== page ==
Moral Inquiry

Moral Inquiry courses provide students with the ability to understand the varying or conflicting solutions that, in a global world, have been proposed to answer fundamental moral and ethical questions. Third Year students are introduced to different philosophical, political, cultural and religious beliefs in order to explore such questions. In this way, Stonehill students are equipped to assess for themselves claims about moral and ethical issues.

Recent Moral Inquiry Courses Include:

  • The Debate over Slavery in Antebellum America (History)
  • Introduction to Moral Reasoning (Philosophy)
  • Dirty Hands: Moral Dilemmas (Political Science)
  • Islam and the Bible: Jewish and Muslim Morality and Ethics (Religious Studies)
  • Gods, Kings and Justice in the Ancient World (Religious Studies)

Catholic Intellectual Traditions

Catholic Intellectual Traditions courses explore, from a variety of disciplinary perspectives, enduring questions that shaped Catholicism from ancient times to the present: What is the meaning of human nature? What is the best human life to live? What is the nature of the universe?

Catholic Intellectual Traditions courses invite students to address these questions so that each student will have a sustained, critical engagement with Catholic thought and practice.

Recent Catholic Intellectual Traditions Courses Include:

  • Topics in Catholicism and Literature (English)
  • Migrants, Immigrants, Refugees: Justice Issues and Catholic Responses (Religious Studies)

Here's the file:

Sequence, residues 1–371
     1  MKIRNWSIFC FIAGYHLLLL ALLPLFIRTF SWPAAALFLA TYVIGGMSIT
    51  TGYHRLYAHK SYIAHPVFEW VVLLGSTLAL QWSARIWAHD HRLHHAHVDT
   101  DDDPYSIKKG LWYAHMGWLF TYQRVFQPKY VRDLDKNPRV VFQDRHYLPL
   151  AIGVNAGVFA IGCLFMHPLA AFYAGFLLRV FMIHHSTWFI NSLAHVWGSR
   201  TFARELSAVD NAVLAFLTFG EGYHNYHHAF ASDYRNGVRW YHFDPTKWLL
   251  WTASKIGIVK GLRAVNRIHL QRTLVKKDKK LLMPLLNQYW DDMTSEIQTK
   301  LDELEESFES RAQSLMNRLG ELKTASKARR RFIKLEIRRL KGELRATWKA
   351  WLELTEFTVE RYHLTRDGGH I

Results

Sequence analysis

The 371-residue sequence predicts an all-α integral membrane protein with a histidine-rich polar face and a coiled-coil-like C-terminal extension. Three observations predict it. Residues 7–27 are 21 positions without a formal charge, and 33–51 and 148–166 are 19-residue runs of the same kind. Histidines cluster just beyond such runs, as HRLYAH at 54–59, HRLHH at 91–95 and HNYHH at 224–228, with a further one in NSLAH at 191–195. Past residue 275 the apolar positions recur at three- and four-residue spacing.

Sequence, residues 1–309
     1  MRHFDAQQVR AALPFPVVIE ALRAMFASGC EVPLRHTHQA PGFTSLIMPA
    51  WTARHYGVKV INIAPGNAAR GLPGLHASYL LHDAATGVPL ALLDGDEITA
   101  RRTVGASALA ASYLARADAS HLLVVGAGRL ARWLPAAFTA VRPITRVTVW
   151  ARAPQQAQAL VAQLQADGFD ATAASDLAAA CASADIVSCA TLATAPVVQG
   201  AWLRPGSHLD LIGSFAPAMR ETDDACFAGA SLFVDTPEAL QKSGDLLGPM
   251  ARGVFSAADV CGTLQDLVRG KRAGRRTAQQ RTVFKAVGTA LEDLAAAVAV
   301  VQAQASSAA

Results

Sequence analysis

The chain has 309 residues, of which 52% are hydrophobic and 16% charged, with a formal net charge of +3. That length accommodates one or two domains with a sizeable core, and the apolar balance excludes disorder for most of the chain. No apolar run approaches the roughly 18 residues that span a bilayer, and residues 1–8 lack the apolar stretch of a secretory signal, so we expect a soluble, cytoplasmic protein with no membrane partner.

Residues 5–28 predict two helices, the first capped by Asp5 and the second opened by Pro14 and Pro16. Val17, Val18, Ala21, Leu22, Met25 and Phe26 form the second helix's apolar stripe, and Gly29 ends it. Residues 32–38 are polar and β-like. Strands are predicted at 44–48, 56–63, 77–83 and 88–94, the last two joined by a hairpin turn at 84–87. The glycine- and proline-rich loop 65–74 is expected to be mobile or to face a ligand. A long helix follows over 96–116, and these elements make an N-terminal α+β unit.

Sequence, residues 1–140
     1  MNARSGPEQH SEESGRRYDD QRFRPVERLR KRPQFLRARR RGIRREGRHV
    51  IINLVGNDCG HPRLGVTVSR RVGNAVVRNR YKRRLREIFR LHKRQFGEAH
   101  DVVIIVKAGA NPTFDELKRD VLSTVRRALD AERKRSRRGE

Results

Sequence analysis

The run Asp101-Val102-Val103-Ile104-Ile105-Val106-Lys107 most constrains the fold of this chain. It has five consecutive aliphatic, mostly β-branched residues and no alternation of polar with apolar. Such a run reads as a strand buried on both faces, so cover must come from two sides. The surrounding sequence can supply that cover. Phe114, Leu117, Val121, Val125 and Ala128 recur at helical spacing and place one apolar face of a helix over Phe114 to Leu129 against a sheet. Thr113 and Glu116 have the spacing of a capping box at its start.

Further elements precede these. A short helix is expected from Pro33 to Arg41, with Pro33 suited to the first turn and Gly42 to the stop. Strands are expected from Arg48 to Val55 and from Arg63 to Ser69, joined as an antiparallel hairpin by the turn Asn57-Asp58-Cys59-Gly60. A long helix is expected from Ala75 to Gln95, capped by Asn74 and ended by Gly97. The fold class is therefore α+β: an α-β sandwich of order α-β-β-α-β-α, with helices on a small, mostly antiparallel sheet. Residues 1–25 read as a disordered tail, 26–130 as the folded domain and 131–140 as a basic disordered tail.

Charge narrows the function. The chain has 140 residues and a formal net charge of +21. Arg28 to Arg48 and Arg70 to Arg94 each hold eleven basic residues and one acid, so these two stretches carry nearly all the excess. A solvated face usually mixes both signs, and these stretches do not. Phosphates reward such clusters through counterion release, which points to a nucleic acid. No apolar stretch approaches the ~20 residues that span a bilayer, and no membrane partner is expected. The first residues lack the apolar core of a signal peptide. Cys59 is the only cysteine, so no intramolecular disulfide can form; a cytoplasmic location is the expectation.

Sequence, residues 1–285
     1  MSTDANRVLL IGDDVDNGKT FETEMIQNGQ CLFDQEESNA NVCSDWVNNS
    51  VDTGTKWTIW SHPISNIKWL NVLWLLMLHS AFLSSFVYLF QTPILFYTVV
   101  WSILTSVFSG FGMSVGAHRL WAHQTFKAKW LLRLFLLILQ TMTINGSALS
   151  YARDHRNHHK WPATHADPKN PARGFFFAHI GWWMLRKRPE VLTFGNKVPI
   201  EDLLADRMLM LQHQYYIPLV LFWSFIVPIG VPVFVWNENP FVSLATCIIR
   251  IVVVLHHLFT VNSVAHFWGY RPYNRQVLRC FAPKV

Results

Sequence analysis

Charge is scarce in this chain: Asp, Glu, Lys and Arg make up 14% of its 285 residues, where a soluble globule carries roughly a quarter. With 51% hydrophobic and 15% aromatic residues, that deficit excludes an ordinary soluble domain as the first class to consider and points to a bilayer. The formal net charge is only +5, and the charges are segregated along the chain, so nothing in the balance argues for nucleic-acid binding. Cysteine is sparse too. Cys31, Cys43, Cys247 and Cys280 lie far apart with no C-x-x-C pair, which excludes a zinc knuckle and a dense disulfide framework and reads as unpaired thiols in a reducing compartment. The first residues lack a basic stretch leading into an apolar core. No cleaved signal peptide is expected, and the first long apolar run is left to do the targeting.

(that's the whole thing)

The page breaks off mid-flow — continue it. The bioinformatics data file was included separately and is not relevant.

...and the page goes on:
• Women, Slaves & Sin: Paul and the Creation of Christianity (Religious Studies)
  • Liberation Theology: Latin American Perspectives (Religious Studies)
  • Christian Theology as Ideology (Religious Studies)
  • Globalization: Catholic Perspectives and Responses (Religious Studies)
  • American Catholic Social History (History)


Another feature of the third year at Stonehill is the Writing-in-the-Disciplines requirement. Writing-in-the-Disciplines courses introduce students to the stylistic and scholarly conventions of particular disciplines and fields. Students fulfill this requirement through advanced writing-intensive courses offered in their majors.

These courses build on students’ experiences in First-Year Seminars and provide valuable opportunities to practice the craft of writing in the context of their chosen disciplines or fields of study.

Recent Writing-in-the-Disciplines Courses Include:

  • Historical Theology and Writing (History)
  • Cell Biology (Biology)
  • Reading, Writing, and Presenting in Neuroscience (Neuroscience)
  • History of Art (Visual & Performing Arts)